TNA: The Bush administration claimed that there had been no terror attacks on American soil since September 11. Don’t you find it interesting that whenever they say that, it’s like they’re saying that there haven’t been any attacks on Americans that count? Yet all you have to do is go to AntiWar.com on any particular day and see that there have been attacks on Americans, and they’ve died, but that they are U.S. soldiers. And those who tout the "no terror attack" line are the same people who say most proudly and loudly that they “support the troops.”
Garris: Yes, and they also say that we have to fight them over there so that they won’t come over here, which means we are sending our troops into a meat grinder. Other than lip service, the pro-war crowd doesn’t care for the troops as individuals or as people that need to live.
TNA: What’s unique about AntiWar.com?
Garris: I’ve been involved in politics for 40 years, and I’ve never been involved in anything that has been as cost-efficient or energy-efficient as AntiWar.com. And I think that the readers see that, and they support us in a way that is unprecedented. We have a budget that is over $400,000 a year, 90 percent of which is paid for by readers with averaged $50 contributions when we have our quarterly pledge drive.
TNA: With a staff of 10 and a budget of just a little over $400,000, it’s pretty clear you guys aren’t in it for the money.
Garris: That’s true. And it’s not all salaries, either. We have a lot of other expenses. We’ve got lawyers to pay, and that sort of thing. Did you see my blog entry about the Baghdad Mosquito?
TNA: I missed it.
Garris: That’s one where we have to contact our lawyer about this, so that’s going to cost us a little money. The Baghdad Mosquito is a publication of the multinational force in Iraq, and it’s distributed to high level officers and intelligence officials. So it’s not available to the public.
TNA: Except you made it available to the public?
Garris: Yes. What happened was that an Iraqi newspaper translated one of [AntiWar.com writer] Scott Horton’s articles and ran it, and the Baghdad Mosquito also ran the article with the commentary saying that this is amazing because this publication is usually very unbiased and they are not known for running something so left-wing.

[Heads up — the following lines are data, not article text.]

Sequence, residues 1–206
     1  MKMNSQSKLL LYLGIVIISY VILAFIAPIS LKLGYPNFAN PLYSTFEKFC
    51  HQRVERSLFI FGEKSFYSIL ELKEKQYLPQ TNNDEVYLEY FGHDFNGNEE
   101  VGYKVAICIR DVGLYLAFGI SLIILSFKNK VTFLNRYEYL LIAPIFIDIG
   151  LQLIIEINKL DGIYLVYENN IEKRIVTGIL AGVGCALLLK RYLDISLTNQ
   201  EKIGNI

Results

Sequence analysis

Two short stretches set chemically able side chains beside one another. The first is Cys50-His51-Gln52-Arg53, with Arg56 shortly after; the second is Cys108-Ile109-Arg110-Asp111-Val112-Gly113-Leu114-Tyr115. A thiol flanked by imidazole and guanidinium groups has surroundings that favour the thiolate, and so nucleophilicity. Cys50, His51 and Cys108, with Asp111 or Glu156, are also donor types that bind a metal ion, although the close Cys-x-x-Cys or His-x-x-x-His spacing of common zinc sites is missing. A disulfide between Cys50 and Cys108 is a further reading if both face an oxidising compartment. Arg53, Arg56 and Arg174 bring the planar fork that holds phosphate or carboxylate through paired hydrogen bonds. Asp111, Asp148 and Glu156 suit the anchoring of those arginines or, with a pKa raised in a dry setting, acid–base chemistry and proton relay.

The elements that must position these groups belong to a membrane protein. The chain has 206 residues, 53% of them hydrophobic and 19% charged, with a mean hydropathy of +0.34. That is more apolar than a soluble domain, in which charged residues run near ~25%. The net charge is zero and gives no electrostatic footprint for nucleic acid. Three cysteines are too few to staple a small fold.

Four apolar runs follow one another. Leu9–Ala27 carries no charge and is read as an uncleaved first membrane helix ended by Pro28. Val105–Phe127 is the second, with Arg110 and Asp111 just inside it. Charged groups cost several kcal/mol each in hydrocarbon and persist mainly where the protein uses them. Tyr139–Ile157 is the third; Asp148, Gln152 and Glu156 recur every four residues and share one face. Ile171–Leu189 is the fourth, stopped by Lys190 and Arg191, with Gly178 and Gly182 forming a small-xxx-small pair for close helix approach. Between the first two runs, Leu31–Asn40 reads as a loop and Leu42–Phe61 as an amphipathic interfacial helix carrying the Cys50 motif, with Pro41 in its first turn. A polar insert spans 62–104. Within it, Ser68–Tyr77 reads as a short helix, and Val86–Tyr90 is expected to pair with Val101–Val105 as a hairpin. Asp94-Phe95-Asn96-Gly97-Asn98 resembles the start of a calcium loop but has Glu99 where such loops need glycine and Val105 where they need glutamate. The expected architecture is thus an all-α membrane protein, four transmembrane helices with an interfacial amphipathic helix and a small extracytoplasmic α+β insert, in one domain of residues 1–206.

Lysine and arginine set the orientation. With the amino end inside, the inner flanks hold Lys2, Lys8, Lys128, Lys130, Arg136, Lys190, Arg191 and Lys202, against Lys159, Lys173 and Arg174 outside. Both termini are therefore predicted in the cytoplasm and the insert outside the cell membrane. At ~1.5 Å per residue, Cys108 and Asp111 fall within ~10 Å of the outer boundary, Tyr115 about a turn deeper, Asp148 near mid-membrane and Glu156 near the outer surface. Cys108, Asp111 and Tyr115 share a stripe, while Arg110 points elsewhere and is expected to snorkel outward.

TNA: Referring to AntiWar.com?
Garris: Right, referring to Scott’s article.
TNA: Apparently, they don’t know Scott very well.
Garris: I did a blog entry about it and the staff of the Mosquito contacted me and said that the Mosquito is a publication “for official use only. Please delete all copies and quit dissemination.”
TNA: How did you get it in the first place?
Garris: Somebody sent it to us. I don’t know. Somebody e-mailed it and said, look, you’re in the Baghdad Mosquito.
TNA:It’s good to know that you are attracting official notice.
Garris: On the average a half of a percent of our visitors are from .mil sites.
TNA: I assume that the military readers are a mix of people — those in the military and agree with you and those on the other side who are watching you?
Garris: I would say it’s a third, a third, and the other third are those people that don’t agree with us but find us an excellent source of international news. Because we do find people writing us saying: "I don’t agree with you, but you’re the best news source of international news. I go to you every day and here’s $50."
TNA: That’s unusual. Or is it?
Garris: It isn’t unusual for us, and that’s what’s amazing. I think that represents a significant portion of our viewers.
TNA: So you are not just preaching to the choir. You are talking to people who are potentially impressionable.
Garris: Exactly. I also think that the quality of the people who read AntiWar.com is higher than average. It’s not just a matter of numbers. We have a lot of very influential people who read AntiWar.com, opinion makers and a lot of smarter people. I don’t want to sound too elitist, but we did a reader survey recently and got a pretty good response. And it showed that 45 percent of our readers have post-graduate degrees and 35 percent have four year degrees.
TNA: Now I find myself privileged to be among the elite.
Garris: And we have consistently ranked among the top 20 political websites on the Web according to Hitwise, which is the most prominent of the ratings systems.
TNA: So anyone from The New American who is not familiar with AntiWar.com should definitely check you out.
Garris: Absolutely. And we link to a lot of articles from The New American. I would say, at least two or three a week, either news or viewpoints.
For another segment of this interview, see "AntiWar.com's Garris: The Burden of Empire."